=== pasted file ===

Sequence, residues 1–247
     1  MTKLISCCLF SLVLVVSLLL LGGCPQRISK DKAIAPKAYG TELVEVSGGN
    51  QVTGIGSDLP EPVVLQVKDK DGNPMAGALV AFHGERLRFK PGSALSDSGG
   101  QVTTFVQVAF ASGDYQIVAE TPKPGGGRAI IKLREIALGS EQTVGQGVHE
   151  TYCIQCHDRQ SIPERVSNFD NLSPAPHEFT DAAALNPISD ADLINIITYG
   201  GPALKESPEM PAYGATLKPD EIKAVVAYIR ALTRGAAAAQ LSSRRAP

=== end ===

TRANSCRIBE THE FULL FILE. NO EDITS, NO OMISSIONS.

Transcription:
Sequence, residues 1–247
     1  MTKLISCCLF SLVLVVSLLL LGGCPQRISK DKAIAPKAYG TELVEVSGGN
    51  QVTGIGSDLP EPVVLQVKDK DGNPMAGALV AFHGERLRFK PGSALSDSGG
   101  QVTTFVQVAF ASGDYQIVAE TPKPGGGRAI IKLREIALGS EQTVGQGVHE
   151  TYCIQCHDRQ SIPERVSNFD NLSPAPHEFT DAAALNPISD ADLINIITYG
   201  GPALKESPEM PAYGATLKPD EIKAVVAYIR ALTRGAAAAQ LSSRRAP